Maximizing Your Employer 401(k) Match

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Maximizing your employer’s 401(k) plan match is one of the most important “must do” strategies of retirement planning. It really is free money you receive from your employer after you make pre-tax contributions to your retirement plan from your paycheck. If you fail to contribute to your 401(k) plan, you give up the opportunity to receive the employer's matching amount.

Keep in mind that an employer matching program is company-specific. Some employers offer a 100 percent matching benefit, while others don't match employee contributions at all. Many also offer a 50 percent match. As explained by Vanguard, a company may match 50% on the first 8% of an employee's pay instead of matching 100% on the first 4% of pay.

The idea is that the higher match threshold will encourage participants to contribute more to the plan.

Ask your 401(k) plan administrator or an HR representative about your company's match if you haven't received explanatory information on it. If your company offers a match, you probably would have gotten some literature about it; companies typically like to encourage employees to use the match because it fosters loyalty to them as an employer.

You might have to work for your employer for a period of time before the company will begin matching your contributions. Not all matching programs begin immediately.

Some Match Examples

A common employee contribution percentage for a 401(k) matching program is 6 percent. That means when you commit 6 percent of your pre-tax annual income to the plan, your employer will put its own contribution into your account. Here is an example of how that might work:

  • 50 percent match up to the first 6 percent: Your employer will place 50 cents into your retirement plan for every dollar you put in, up to 6 percent of your gross salary for that year. So if you earn $50,000 a year and you contribute at least 6 percent to your 401(k) plan, you'll receive a matching contribution from your employer of $1,500: 6 percent of $50,000 is $3,000, and your employer will contribute half that, so you'll have a total of $4,500.

Here is an example in which the employer is generous in terms of the percentage of its match but a little less so in the percentage of your salary it's willing to match:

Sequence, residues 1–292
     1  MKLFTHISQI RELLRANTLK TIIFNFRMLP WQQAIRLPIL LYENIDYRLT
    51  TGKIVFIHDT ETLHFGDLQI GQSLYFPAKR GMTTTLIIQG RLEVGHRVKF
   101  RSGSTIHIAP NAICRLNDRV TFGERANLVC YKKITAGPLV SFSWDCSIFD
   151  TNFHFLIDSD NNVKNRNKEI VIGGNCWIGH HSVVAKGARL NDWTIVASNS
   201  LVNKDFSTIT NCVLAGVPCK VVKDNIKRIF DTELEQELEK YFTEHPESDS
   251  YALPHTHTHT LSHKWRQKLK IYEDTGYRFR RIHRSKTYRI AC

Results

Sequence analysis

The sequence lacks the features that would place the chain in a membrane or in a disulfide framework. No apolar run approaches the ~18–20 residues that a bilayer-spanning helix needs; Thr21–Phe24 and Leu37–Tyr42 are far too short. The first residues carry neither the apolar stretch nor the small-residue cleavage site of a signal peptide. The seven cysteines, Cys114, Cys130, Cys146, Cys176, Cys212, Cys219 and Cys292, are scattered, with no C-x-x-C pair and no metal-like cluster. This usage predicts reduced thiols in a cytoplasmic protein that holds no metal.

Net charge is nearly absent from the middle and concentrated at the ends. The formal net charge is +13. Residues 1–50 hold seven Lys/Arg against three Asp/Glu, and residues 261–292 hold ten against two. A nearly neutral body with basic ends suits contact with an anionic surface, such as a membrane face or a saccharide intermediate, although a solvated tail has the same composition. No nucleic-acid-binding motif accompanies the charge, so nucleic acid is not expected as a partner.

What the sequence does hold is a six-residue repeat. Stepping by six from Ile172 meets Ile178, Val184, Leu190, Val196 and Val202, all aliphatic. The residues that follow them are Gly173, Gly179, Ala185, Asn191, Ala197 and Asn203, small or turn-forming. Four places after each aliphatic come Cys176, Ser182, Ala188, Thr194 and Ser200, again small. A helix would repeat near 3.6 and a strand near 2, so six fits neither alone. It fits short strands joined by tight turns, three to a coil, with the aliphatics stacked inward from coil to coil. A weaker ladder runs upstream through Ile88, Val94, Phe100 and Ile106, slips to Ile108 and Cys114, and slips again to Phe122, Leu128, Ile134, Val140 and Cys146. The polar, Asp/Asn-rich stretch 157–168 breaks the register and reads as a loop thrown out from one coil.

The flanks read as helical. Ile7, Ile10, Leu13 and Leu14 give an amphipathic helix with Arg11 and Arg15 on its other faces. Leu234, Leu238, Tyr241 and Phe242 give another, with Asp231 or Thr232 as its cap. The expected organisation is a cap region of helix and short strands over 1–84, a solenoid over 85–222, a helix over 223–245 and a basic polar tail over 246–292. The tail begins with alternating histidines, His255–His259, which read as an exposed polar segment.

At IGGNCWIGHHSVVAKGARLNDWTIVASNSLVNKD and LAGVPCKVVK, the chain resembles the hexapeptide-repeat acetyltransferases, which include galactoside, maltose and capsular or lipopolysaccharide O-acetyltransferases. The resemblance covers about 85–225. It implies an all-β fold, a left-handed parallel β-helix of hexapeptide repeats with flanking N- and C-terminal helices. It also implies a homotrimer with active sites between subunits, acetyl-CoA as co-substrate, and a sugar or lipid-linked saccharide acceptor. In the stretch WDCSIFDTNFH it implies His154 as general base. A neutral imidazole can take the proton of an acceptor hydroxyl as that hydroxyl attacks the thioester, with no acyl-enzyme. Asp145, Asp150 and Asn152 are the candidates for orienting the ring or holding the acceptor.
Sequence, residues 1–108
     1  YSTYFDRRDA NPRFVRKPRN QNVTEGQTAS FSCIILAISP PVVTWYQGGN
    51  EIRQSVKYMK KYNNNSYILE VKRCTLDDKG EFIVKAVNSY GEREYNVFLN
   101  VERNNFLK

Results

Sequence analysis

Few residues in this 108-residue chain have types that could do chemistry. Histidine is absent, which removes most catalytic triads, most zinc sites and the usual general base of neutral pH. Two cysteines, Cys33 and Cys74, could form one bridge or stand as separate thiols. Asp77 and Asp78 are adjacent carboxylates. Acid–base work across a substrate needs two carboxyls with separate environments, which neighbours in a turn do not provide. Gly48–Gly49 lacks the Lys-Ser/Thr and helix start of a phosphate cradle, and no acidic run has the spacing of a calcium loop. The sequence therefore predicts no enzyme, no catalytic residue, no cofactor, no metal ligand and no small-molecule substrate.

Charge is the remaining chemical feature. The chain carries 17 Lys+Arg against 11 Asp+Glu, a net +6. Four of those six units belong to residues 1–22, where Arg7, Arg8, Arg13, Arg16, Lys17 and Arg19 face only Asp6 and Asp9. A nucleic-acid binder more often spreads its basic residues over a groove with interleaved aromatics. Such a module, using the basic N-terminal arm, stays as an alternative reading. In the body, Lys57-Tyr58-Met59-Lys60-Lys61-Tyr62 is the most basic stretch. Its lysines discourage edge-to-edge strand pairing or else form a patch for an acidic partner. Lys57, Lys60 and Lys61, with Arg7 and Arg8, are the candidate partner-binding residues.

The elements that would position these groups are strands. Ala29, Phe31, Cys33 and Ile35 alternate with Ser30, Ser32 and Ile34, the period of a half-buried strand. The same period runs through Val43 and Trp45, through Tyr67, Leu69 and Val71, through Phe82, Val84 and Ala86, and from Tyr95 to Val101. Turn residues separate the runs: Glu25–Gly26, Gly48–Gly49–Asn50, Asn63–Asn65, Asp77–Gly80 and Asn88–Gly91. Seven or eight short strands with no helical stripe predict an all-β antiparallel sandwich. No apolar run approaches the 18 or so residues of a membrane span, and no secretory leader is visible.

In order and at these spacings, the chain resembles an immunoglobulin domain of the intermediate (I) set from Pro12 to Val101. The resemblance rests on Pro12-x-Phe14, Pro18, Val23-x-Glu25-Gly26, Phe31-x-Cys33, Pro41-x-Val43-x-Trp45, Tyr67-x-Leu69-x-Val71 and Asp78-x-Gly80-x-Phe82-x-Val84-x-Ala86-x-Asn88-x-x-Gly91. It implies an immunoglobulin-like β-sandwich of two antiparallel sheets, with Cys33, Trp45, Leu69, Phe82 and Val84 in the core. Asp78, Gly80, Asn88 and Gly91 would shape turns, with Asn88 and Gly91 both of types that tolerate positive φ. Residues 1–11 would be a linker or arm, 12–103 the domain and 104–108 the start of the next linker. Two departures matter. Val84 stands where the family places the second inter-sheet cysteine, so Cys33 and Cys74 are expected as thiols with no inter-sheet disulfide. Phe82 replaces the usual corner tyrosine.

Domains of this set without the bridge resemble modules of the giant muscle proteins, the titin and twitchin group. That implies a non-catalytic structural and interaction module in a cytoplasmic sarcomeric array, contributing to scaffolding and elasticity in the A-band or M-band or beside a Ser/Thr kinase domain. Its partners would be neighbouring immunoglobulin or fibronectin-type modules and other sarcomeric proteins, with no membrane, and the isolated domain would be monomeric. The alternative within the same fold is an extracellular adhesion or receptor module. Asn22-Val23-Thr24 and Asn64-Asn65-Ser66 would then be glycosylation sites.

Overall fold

• Dollar-for-dollar match up to 5 percent: Your company might contribute a dollar for every dollar you put in your 401(k) plan until you reach a total of 5 percent of your gross pay for the year. So if you earn $50,000 and you contribute your 5 percent to the plan—$2,500—your employer will do its 100 percent match—also $2,500—and you'll have a total of $5,000.

Contribution Dollar Limits

In 2020, the maximum amount you can contribute to your 401(k) plan in dollar terms is $19,500. If you are age 50 or older by the end of the year, your individual limit goes up to $6,500. This means your individual limit increases to $26,000.

Timing Payments for Maximum Effect

Some employers will pay their match no matter how many paychecks it takes for you to reach your maximum contribution amount for the year. But many companies will make a contribution only during pay periods when 401(k) money is taken from your paycheck.

Let's say you're paid two times a month and your employer contributes only when you do. If you reach your $19,500 limit at the end of November, you've missed out on two opportunities for your employer to make its match. (In this scenario, you're earning much more than $50,000 a year.)

Your plan manager can help you optimize your 401(k) contributions to make the most of your employer match. You can also use an online calculator to figure out how much you should ideally contribute from each paycheck.

Vesting Schedule

The money you contribute to your 401(k) plan is yours to keep, no matter when you terminate your employment. However, the contributions made by your employer are probably going to be subject to a vesting schedule.

That means you'll have to work for the company for a specified period of time before you can take your employer's contributions with you when you leave your job. If you're close to becoming fully vested in your 401(k), you might want to hold off on that job search for a few more months.

The Balance does not provide tax, investment, or financial services and advice. The information is being presented without consideration of the investment objectives, risk tolerance, or financial circumstances of any specific investor and might not be suitable for all investors. Past performance is not indicative of future results. Investing involves risk including the possible loss of principal.

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